Researchers often wish to relate estimated scores on latent variables to exogenous covari- ates not previously used in analyses. The BCH method corrects for asymptotic bias in estimates due to these scores’ uncertainty and has been shown to be relatively robust. When applying the BCH approach however, two problems arise. First, negative cell proportions can be obtained. Second, the approach cannot deal with situations where marginals need to be fixed to specific values, such as edit restrictions. The BCH approach can handle these problems when placed in a framework of quadratic loss functions and linear equality and inequality constraints. This research note gives the explicit form for equality constraints and demonstrates how solutions for inequality constraints may be obtained using numerical methods. Keywords Classification · Latent class analysis · Three-step procedure · BCH method 1 Introduction Researchers in many different disciplines apply latent structure models in which observed variables are treated as indicators of an underlying latent variable that cannot be measured directly. An often used strategy in this context consists of three steps (Vermunt 2010). First, the parameters of the measurement model are estimated, describing the relationship between the latent variable and its indicators. Second, each respondent is assigned a latent score based on his/her scores on the indicators. Finally, the relationships between the latent scores and scores on exogenous variables are assessed. Croon (2002) showed that for general latent structure models, such a strategy leads to inconsistent estimates of the parameters of the joint distribution of the latent variable and the L. Boeschoten l.boeschoten@tilburguniversity.edu Tilburg University, PO Box 90153, 5000 LE Tilburg, The Netherlands Statistics Netherlands, The Hague, The Netherlands Utrecht University, Utrecht, The Netherlands Journal of Classiﬁcation (2019) 36:566–575 567 exogenous variables. Bolck et al. (2004) discussed this problem in the context of latent class analysis where observed variables are categorical. They also derived a correction proce- dure that produces consistent estimates, known as the BCH correction method. Subsequent simulation studies by Vermunt (2010), Bakk et al. (2013), Bakk and Vermunt (2016), and Nylund-Gibson and Masyn (2016) have demonstrated that this procedure produces unbi- ased parameter estimates and correct inference for a large range of simulation conditions. When applying the BCH correction method in cases of categorical exogenous variables, two problems can arise. First, negative cell proportion estimates can be obtained (Asparouhov and Muthen ´ 2015). Second, the approach cannot deal with situations where marginals need to be constrained. An example is edit restrictions in official statistics, leading to certain marginals being fixed to zero (De Waal et al. 2012), which is also used in combination with latent class modelling (Boeschoten et al. 2017). In this research, note the BCH method is extended to solve these two problems. We allow for linear equality and inequality constraints by noting the correction method minimizes a quadratic loss function and give a closed form solution for linear equality restrictions. Next, we demonstrate how solutions for inequality constraints may be obtained using numerical methods. We first discuss the three-step approach to the latent class model and the BCH correction method. We then show how to impose linear restrictions and how to extend this to including non-negativity constraints. At last, the extended BCH method is applied on a dataset from the Political Action Survey. In the Appendix, R code is given to apply the procedure. 2 The Three-Step Approach to the Latent Class Model and the BCH Correction Method Let us denote a set of observed exogenous variables Q and an unobserved latent variable X. All variables involved are assumed to be categorical. Let Q = (Q , Q , ..., Q ) be the 1 2 J Cartesian product of J different discrete random variables Q .Ifthe variable Q is defined j j for n categories, the distribution of Q can be specified as a multinomial distribution with n = n categories. j =1 In the basic latent class model considered by Bolck et al. (2004), a single categori- cal latent variable X with m categories is introduced. The variable X itself is not directly observed but only indirectly via a set of indicator variables Y = (Y , Y , ..., Y ).Let the 1 2 K joint distribution of the categorical variables Q, X,and Y be denoted by p(Q = q,X = x, Y = y) = p(q,x, y). Then, a possible factorization is p(q,x, y) = p(q)p(x|q)p(y|x, q). Since in the basic latent class model Q is assumed to have no direct effect on Y, the latter result simplifies to p(q,x, y) = p(q)p(x|q)p(y|x). The three-step approach to the estimation of the parameters of the latent class model starts with the estimation of the parameters of the measurement model represented by the conditional probability distribution p(y|x). Once this estimation procedure is completed, individual research units may be assigned to one of the latent classes solely on the basis of their observed scores on Y. This defines the second step of the estimation procedure 568 Journal of Classiﬁcation (2019) 36:566–575 and results in an assignment of each individual to a latent class. If the random variable W represents the latent classes individuals are assigned to, and assignment is done using a modal rule where each individual is assigned to the class for which its posterior membership probability is the largest, this can be expressed as 1ifp(x |y)> p(x |y) ∀ x = x , 1 2 1 2 p(w|y) = (1) 0otherwise. Different assignment rules than the modal rule will yield a different form for Eq. 2.All subsequent results also apply to other assignment rules, such as proportional or random assignment (Bakk 2015). Since Y and Q are conditionally independent given X,soare W and Q and the conditional distributions are related by p(w|q) = p(w|x)p(x|q). x=1 In terms of the joint distribution, this becomes p(q,w) = p(q,x)p(w|x). x=1 The latter result can be recast as a matrix equation E = AD, with the elements of the three matrices defined as e = p(q,w), a = p(q,x),and qw qx d = p(w|x). After completing the first and the second estimation steps, the elements of xw the matrices E and D are known. The joint distribution of Q and the latent variable X is then given by −1 A = ED . Here, it is assumed that matrix D is not singular so that its inverse exists (see Bolck et al. (2004, pp. 13–14) for a discussion on when this assumption may be violated). A consistent −1 ˆ ˆ estimate of A is ED . The previously obtained algebraic solution for matrix A can also be derived via a rather trivial minimization of a least squares function. Let E and D be matrices with known ele- ments. Matrix E is of order n × m and D is an invertible matrix of order m × m.Let A be an n × m matrix of unknown elements and consider the following least squares function: ϕ = tr(AD − E) (AD − E). −1 Minimizing ϕ with respect to the unknown matrix A yields A = ED ,for which ϕ attains the truly minimal value of zero. Note that the factor 1/2 is introduced to obtain simpler expressions for the first derivatives. Its introduction does not change the solution of the minimization problem. 3 The Correction Procedure Under Linear Equality Constraints In some applications, simple linear restrictions may be imposed on the elements of matrix A. For instance, some of the probabilities in the joint distribution of Q and X may be set equal to zero, for example for combinations of Q and X that cannot occur in practice. After Journal of Classiﬁcation (2019) 36:566–575 569 imposing such zero constraints, all the non-zero cell probabilities should still add to one. The quadratic loss function ϕ can be minimized under equality constraints on the unknown elements of matrix A by applying the method of Lagrangian multipliers. We first rewrite the quadratic loss function ϕ in the following way using vectorization operations on matrices (see Schott 1997, pp. 261–266). For the vector of residuals r,we obtain r = vec(AD − E) = vec(I AD) − vec(E), n×n where I is an n × n identity matrix. Applying Theorem 7.15 from Schott (1997, p. 263) n×n yields r = (D ⊗ I ) · vec(A) − vec(E), n×n in which ⊗ is the Kronecker product of two matrices (Graham 1982). Defining P = D ⊗ I , a = vec(A) and e = vec(E), we are able to write n×n r = Pa − e, so that the least squares function becomes ϕ = r r = (a P Pa − 2e Pa + e e). The completely unconstrained solution to the minimization problem is given by −1 a = (P P) · P e. Now suppose that the S linear equality constraints can be represented by a matrix equation Ha = c. The matrix H is of order S × N, N being the number of cells in matrices A and E.Wemay assume that H is of rank S; otherwise, the linear equality constraints would not be linearly independent. To minimize the least square function ϕ under a set of S linear constraints on the elements of A, the Lagrangian is defined as L = ϕ − λ (Ha − c).(2) Setting the first derivatives of L with respect to a equal to the zero vector, and solving for a yields: −1 a = (P P) (P e + H λ), which can be rewritten as: −1 a = a + (P P) H λ. Solving for the unknown Lagrangian multipliers by taking the derivative of the Lagrangian (Eq. 2), and setting it to zero, or equivalently by imposing linear constraints Ha − c = 0 yields: −1 −1 λ =[H(P P) H ] (c − Ha ). So that the final solution for a is: −1 −1 −1 a = a + (P P) H [H(P P) H ] (c − Ha ). 0 0 Note that the vector c − Ha represents the deviations of the unconstrained solution from the linear equality constraints. Again a consistent estimate of a can be obtained by replacing P and a with their sample estimates. 0 570 Journal of Classiﬁcation (2019) 36:566–575 4 The Correction Procedure Under Linear Equality and Inequality Constraints A second issue with the BCH procedure is that in finite samples the consistent estimate A hat may contain negative values. This issue is similar to the occurrence of Heywood cases in factor analysis (Heywood 1931). Such negative values in the probability table estimate A may prevent subsequent analyses. We suggest preventing such inadmissible solutions by imposing inequality constraints. The resulting minimization problem is a quadratic program that can be solved by an iterative method. Such a numerical iterative method for an equality and inequality constrained minimiza- tion of a quadratic function has been described by Goldfarb and Idnani (1983). Their numerical algorithm solves the quadratic programming problem of the form min b D b − d b , mat vec subject to the constraints H b ≥ b , with respect to the n unknown parameters in vector b. The matrix D is a given n × n mat symmetric positive definite matrix whereas d is a given n × 1 vector. vec To apply the Goldfarb-Idnani optimization procedure in the present context, the follow- ing definitions have to be implemented. First, to include non-negativity constraints, we make use of Theorem 7.6 from Schott (1997, p. 254) to obtain D = P P mat = (DD ) ⊗ I . n×n and d = P e vec Since it is assumed that matrix D is of full rank, the matrix P P is positive-definite. This ensures that the quadratic loss function ϕ is strictly convex. Moreover, the type of equality and inequality constraints considered here (the sum of the elements in matrix A is equal to 1, where all elements ≥ 0 and some are fixed to 0), define a convex region in the parameter space. To represent the constraints on the cell probabilities we now define matrix H in such a way that the first row of H has all its elements equal to 1. This row represents a constraint on the sum of all cell probabilities. We represent this row vector as matrix H .Let J = {1, 2, 3, ...,N } be an index set corresponding to the column numbers of matrix H.This index set can be partitioned in two non-overlapping subsets J and J : 1 2 Subset J contains the indices of the elements of vector a which are set exactly equal to zero: for those indices j we require a = 0; Subset J contains the indices of the elements of vector a which are required to be non-negative: for those indices j we require a ≥ 0. Now let I be an N × N identity matrix and permute the rows of this matrix so that the upper part contains the rows corresponding with the index numbers in J , and the lower part 1 Journal of Classiﬁcation (2019) 36:566–575 571 of the permuted identity matrix contains the rows corresponding with the index numbers in J . Referring to the two parts of the permuted identity matrix as H and H , respectively, 2 1 2 the matrix H is obtained by ⎛ ⎞ ⎝ ⎠ H = H , where H is used to obtain the final solution for a. Note that in cases where we are not interested in applying equality constraints, but we are interested in applying the inequality constraints we simply omit H . Vector b is of length N + 1, with its first element equal to 1 0 1 and all the remaining elements equal to 0. With this procedure, we are able to find a solution for A (the joint distribution of latent variable X and exogenous covariates Q) where the sum of the elements is equal to 1, where no negative elements are created, and where impossible combinations of scores can be set to have a probability of zero. Having defined b, D and H, the solution can be obtained using mat standard software for quadratic programming, such as the R package quadprog (Turlach and Weingessel 2013). 5 Application As an illustration, the extended BCH method is applied on a dataset from the Political Action Survey (Barnes et al. 1979; Jennings and Van Deth 1990). The dataset consists of five dichotomous indicators on political involvement and tolerance (“System Responsiveness”; “Ideological Level”; “Repression Potential”; “Protest Approval”; “Conventional Participa- tion”) and three nominal covariates (“Sex”; “Level Of Education”; “Age”). This dataset has previously been used in Hagenaars (1993) and Vermunt and Magidson (2000)and in the Latent GOLD user’s manual (Vermunt and Magidson 2005). The dataset as well as the syntax used in this illustration can be found in Latent GOLD version 5.1 under “syntax examples” → LCA → restrictions → equalities → Model C. In the first step, a four class restricted model is applied to distinguish between four latent classes on involvement and tolerance. In this model, response probabilities are restricted to be equal for the items “System Responsiveness” and “Conventional Participation,” and the response probability for the variable “Ideological Level” is fixed to 0 by specifying a logit of 100. In the second step, cases are assigned to a latent class by using modal assignment, result- ing in the imputed latent variable W . In the third step, the relationship between the imputed latent variable “Involvement And Tolerance” (W ) and exogenous covariate “Age” (Q)is investigated. The E-matrix containing the joint probabilities of these variables is: W W W W 1 2 3 4 ⎛ ⎞ Q 0.05795848 0.15743945 0.01643599 0.09256055 16-34 ⎝ ⎠ E = Q 0.08477509 0.17560554 0.05276817 0.03979239 . 35-57 Q 0.12802768 0.10034602 0.06920415 0.02508651 58-91 572 Journal of Classiﬁcation (2019) 36:566–575 The D-matrix describing the relationship between the imputed latent variable “involvement and tolerance” (W ) and the latent variable “involvement and tolerance” (X) is also obtained: W W W W 1 2 3 4 ⎛ ⎞ X 0.67389148 0.1570985 0.02678610 0.1422239 ⎜ ⎟ X 0.01898361 0.7891416 0.05879905 0.1330757 ⎜ ⎟ D = . ⎝ ⎠ X 0.17186997 0.2725275 0.54176422 0.0138383 X 0.12184782 0.3220914 0.01975761 0.5363031 −1 The BCH method can now be applied by estimating ED , resulting in the A matrix: X X X X 1 2 3 4 ⎛ ⎞ Q 0.0577223 0.13465976 0.008359502 0.123652898 16-34 ⎝ ⎠ A = Q 0.1018944 0.17635045 0.073167182 0.001529175 . unconstraint 35-57 Q 0.1618782 0.06157076 0.113576159 −0.014360760 58-91 As can be seen, this result is inadmissable since the cell Q × X contains a negative 58-91 4 value. Therefore, it will not be possible to estimate posterior membership probabilities and to do subsequent analyses here. When the extended BCH method is applied, the following constrained A matrix is obtained: X X X X 1 2 3 4 ⎛ ⎞ Q 0.05741718 0.13472999 0.007627791 0.1229631559 16-34 ⎝ ⎠ Q 0.10158926 0.17642067 0.072435471 0.0008394325 A = . constraint 35-57 Q 0.15689781 0.05436459 0.114714655 0.0000000000 58-91 The cell Q × X does not contain a negative value anymore, so this matrix can now be 58-91 4 used to estimate posterior membership probabilities and to do subsequent analyses. Since there are no combinations of scores between “Involvement And Tolerance” and “Age” that are not possible in practice, it is not needed to fix any marginals to zero. 6 Conclusion We have modified the BCH method to include linear equality and inequality constraints solving the problem of negative solutions and allowing for restrictions on arbitrary cell margins. With these adjustments, analysts interested in relating covariates to assignments on latent class variables will now be able to, for example, impose edit restrictions, further analyse solutions that were previously inadmissible, and analyse datasets involving more complex marginal restrictions. The application demonstrates that when a negative value is obtained using the regular BCH method, this can be solved by using the extended BCH method. In the Appendix, R code is given to apply the extended BCH method, and an addition to the example is given that demonstates how margins can be fixed to zero using the extended BCH method. Open Access This article is distributed under the terms of the Creative Commons Attribution 4.0 Inter- national License (http://creativecommons.org/licenses/by/4.0/), which permits unrestricted use, distribution, and reproduction in any medium, provided you give appropriate credit to the original author(s) and the source, provide a link to the Creative Commons license, and indicate if changes were made. Journal of Classiﬁcation (2019) 36:566–575 573 Appendix This Appendix consists of two sections. In Appendix 1, R code is given to apply the extended BCH method as described in the research note. In Appendix 2, it is illustrated how the code can be used and how margins can be fixed to zero. Appendix 1 The iterative method for an equality and inequality constrained minimization of a quadratic function described by Goldfarb and Idnani (1983) has been implemented in the R package quadprog available in the repository CRAN (Turlach and Weingessel 2013). The minimization procedure is implemented in the function solve.QP which is called as solve.QP(Dmat,dvec,Amat,bvec,meq). Its arguments are: Dmat: the matrix D appearing in the quadratic function: (DD ) ⊗ I ; n×n dvec: the vector d appearing in the quadratic function: e P; Amat: The transpose of H (H ) defining the linear constraints on the parameters b; bvec: A vector of length N + 1, with its first elements equal to 1 and the remaining N elements all equal to 0, these are the constants b in the constraints. meq:1+ the number of elements in J The minimization procedure can be applied using the following function: qpsolve <- function(e,d,iequal){ nr <- nrow(e) nc <- ncol(e) ncel <- nr nc evec <- as.vector(e) id <- diag(nr) p <- kronecker(t(d),id) dmat <- kronecker(d % % t(d),id) dvec <- as.vector(evec % %p) im <- diag(ncel) i1 <- iequal i2 <- setdiff(1:ncel,i1) index <- c(i1,i2) im2 <- im[index,] at <- rbind(rep(1,ncel),im2) amat <- t(at) bvec <- c(1,rep(0,ncel)) meq <- 1 + length(iequal) res <- solve.QP(dmat,dvec,amat,bvec,meq) return(res) The function is used by defining the E-matrix, the D-matrix and the inequality constraints: res <- qpsolve(E,D,iequal). 574 Journal of Classiﬁcation (2019) 36:566–575 Appendix 2 In Section 5, the extended BCH method is applied on a dataset from the Political Action Survey. There are no combinations of scores between the latent variable and the exogenous covariate that are not possible in practice, so therefore it is not needed to fix any marginals to zero. However, in this appendix, a margin of the A-matrix is fixed for illustrative purposes. As can be seen in Appendix 1,the qsolve() function can be used by defining the E- matrix, the D-matrix and the inequality constraints. In the application section, the E-matrix, the D-matrix are defined, and since there are no inequality constraints, these are omitted for the function by specifying iequal <- c() By using the function qpsolve(E,D,iequal), both the unconstrained and the con- strained solutions for the A-matrix are given. The output is saved under the name res: res <- qpsolve(E,D,iequal). The unconstrained solution can be requested by: res$unconstrained.solution and the constrained solution can be requested by: res$solution For illustration purposes, the cell Q × X of the A-matrix is fixed to zero. When 16-34 3 vectorizing the A-matrix, this cell is the seventh element, so this needs to be specified: iequal <- c(7) It can now be seen that the constrained solution is not only without negative values, also the cell Q × X isfixedtozero: 16-34 3 X X X X 1 2 3 4 ⎛ ⎞ Q 0.06007299 0.13800030 0.0000000 0.12215613 16-34 ⎝ ⎠ A = Q 0.10183738 0.17636356 0.0730305 0.00140033 . constraint 35-57 Q 0.15732017 0.05457865 0.1152400 0.00000000 58-91 References Asparouhov, T., & Muthen, ´ B. (2015). Auxiliary variables in mixture modelling: using the BCH method in Mplus to estimate a distal outcome model and an arbitrary secondary model. Mplus Web Notes 21.Ver- sion was retrieved April 26th, 2017 from https://www.statmodel.com/examples/webnotes/webnote21. pdf. Bakk, Z. (2015). Contributions to bias adjusted stepwise latent class modeling (Doctoral thesis, Tilburg University, Tilburg, The Netherlands). Retrieved from https://pure.uvt.nl/portal/files/8521154/Bakk Contributions 16 10 2015.pdf. 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Journal of Classification – Springer Journals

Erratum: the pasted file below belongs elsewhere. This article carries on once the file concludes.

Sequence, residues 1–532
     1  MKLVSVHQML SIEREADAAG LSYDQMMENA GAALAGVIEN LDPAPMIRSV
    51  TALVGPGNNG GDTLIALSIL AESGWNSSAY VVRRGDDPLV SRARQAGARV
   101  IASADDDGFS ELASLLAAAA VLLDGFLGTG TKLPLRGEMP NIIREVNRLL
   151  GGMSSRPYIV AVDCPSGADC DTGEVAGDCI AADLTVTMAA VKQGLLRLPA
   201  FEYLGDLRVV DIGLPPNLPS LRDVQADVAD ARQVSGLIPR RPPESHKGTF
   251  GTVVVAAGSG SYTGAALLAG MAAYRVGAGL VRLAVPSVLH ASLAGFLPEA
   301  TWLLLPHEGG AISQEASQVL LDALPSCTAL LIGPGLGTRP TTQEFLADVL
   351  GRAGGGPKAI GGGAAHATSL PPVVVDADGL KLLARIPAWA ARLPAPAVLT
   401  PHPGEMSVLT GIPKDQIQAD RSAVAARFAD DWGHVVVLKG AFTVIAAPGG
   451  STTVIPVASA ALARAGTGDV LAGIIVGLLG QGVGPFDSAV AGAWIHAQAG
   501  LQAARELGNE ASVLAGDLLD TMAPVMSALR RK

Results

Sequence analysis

Published: Dec 18, 2018